Pubdate: Wed, 13 Mar 2002
Source: Vancouver Courier (CN BC)
Copyright: 2002 Vancouver Courier
Author: Dale Hofmann


To the editor:

I read with dismay the piece "Chinatown group suing city for disregarding 
zoning bylaw for drug drop-in centre," Feb. 27.

First, let's make it clear-Chinatown does not oppose the Health Contact 
Centre. A handful of business owners and politicians oppose the centre, and 
have taken advantage of residents' fears and concerns about safety in their 
neighbourhoods to make political hay.

What the leaders of the so-called Community Alliance have consistently 
failed to do in their rabid opposition to health services for residents of 
the Downtown Eastside/Strathcona neighbourhoods is put forward any sort of 

We can all agree that the scourge of drug addiction must be stopped, and 
that everyone has a right to live in a safe and secure neighbourhood. The 
only measures being proposed to move towards those goals are precisely the 
ones the Community Alliance politicians would stop by any means possible.

Punishing drug addicts for their illness is as inhumane as would be exiling 
cancer patients or the physically challenged to life on the streets or in 
prison, but as importantly, it simply doesn't work. When faced with a 
course of action that clearly isn't working, the Alliance position is, "Do 
it harder." This position has been rejected by everyone involved, including 
the police and city council.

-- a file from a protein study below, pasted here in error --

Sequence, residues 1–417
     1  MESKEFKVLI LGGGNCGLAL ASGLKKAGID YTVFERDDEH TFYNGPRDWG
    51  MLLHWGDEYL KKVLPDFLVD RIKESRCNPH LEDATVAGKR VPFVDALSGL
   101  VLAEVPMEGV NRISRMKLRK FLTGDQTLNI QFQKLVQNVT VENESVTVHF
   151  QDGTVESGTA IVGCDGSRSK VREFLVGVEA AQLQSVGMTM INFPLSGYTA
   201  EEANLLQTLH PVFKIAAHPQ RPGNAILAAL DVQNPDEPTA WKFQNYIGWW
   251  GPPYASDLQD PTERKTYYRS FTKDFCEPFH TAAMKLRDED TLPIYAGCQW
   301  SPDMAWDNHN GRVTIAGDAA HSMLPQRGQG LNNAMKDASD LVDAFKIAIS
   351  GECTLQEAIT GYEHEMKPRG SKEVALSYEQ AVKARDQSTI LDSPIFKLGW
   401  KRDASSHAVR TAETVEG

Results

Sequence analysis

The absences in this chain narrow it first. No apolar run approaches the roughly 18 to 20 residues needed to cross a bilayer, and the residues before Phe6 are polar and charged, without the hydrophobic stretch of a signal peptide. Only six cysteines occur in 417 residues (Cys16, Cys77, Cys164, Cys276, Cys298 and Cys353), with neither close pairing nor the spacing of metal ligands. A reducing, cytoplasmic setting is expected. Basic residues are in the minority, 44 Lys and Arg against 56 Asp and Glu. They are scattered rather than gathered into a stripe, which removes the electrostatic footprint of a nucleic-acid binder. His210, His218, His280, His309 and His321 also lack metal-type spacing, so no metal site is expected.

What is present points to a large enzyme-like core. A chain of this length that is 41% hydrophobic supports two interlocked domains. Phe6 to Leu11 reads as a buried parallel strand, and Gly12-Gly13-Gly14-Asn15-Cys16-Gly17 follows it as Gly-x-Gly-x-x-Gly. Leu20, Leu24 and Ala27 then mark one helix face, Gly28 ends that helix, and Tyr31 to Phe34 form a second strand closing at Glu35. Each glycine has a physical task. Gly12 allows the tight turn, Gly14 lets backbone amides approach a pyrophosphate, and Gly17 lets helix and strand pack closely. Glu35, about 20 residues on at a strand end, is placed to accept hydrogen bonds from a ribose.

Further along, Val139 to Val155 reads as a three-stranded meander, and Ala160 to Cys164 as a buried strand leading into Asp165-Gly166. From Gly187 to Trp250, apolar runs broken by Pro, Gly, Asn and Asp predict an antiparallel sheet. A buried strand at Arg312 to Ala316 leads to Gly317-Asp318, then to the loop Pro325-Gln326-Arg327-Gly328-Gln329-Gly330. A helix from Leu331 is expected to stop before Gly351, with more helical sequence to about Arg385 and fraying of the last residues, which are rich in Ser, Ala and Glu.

Absurdly, the excerpt from the Alliance's campaign materials describes 
precisely the problem that the Health Contact Centre is intended to 
address, in conjunction with other changes at the Hastings and Main corner. 
By offering addicts a place to access services off the street, the Centre 
will help to reduce traffic at the corner, while giving them an opportunity 
to access the help they need to make changes.

The four-pillar approach to dealing with drug addiction and the street drug 
trade has worked in in Europe and the U.S., and in those cities, opposition 
groups like the Alliance withered away when faced with the facts. 
Prevention, harm reduction, treatment, and enforcement combined in the 
coordinated approach agreed to by all levels of government and by all 
community groups but the Alliance will save lives and make all our 
neighbourhoods safer and happier places. Let's get on with it.

Dale Hofmann, Vancouver
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